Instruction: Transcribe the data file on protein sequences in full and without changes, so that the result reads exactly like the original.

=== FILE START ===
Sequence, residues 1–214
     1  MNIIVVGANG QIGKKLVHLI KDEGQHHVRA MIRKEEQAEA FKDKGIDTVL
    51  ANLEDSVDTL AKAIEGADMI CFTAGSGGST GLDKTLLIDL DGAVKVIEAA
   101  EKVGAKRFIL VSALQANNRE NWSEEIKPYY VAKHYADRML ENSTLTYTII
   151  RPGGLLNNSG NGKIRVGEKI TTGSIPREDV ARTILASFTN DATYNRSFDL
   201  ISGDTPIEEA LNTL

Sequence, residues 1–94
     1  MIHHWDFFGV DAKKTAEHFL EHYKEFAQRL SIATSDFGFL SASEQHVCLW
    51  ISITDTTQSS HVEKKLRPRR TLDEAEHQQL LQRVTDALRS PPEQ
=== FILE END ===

Sequence, residues 1–214
     1  MNIIVVGANG QIGKKLVHLI KDEGQHHVRA MIRKEEQAEA FKDKGIDTVL
    51  ANLEDSVDTL AKAIEGADMI CFTAGSGGST GLDKTLLIDL DGAVKVIEAA
   101  EKVGAKRFIL VSALQANNRE NWSEEIKPYY VAKHYADRML ENSTLTYTII
   151  RPGGLLNNSG NGKIRVGEKI TTGSIPREDV ARTILASFTN DATYNRSFDL
   201  ISGDTPIEEA LNTL

Sequence, residues 1–94
     1  MIHHWDFFGV DAKKTAEHFL EHYKEFAQRL SIATSDFGFL SASEQHVCLW
    51  ISITDTTQSS HVEKKLRPRR TLDEAEHQQL LQRVTDALRS PPEQ